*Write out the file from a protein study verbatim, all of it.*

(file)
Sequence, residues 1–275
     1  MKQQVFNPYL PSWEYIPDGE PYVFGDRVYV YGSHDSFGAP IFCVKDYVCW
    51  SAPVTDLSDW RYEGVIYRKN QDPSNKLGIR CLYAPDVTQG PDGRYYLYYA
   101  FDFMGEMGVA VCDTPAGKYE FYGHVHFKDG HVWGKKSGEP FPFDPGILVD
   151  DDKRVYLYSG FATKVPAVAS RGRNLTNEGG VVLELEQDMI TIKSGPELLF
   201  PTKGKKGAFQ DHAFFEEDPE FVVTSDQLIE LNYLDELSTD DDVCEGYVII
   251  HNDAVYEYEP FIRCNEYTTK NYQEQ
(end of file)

Sequence, residues 1–275
     1  MKQQVFNPYL PSWEYIPDGE PYVFGDRVYV YGSHDSFGAP IFCVKDYVCW
    51  SAPVTDLSDW RYEGVIYRKN QDPSNKLGIR CLYAPDVTQG PDGRYYLYYA
   101  FDFMGEMGVA VCDTPAGKYE FYGHVHFKDG HVWGKKSGEP FPFDPGILVD
   151  DDKRVYLYSG FATKVPAVAS RGRNLTNEGG VVLELEQDMI TIKSGPELLF
   201  PTKGKKGAFQ DHAFFEEDPE FVVTSDQLIE LNYLDELSTD DDVCEGYVII
   251  HNDAVYEYEP FIRCNEYTTK NYQEQ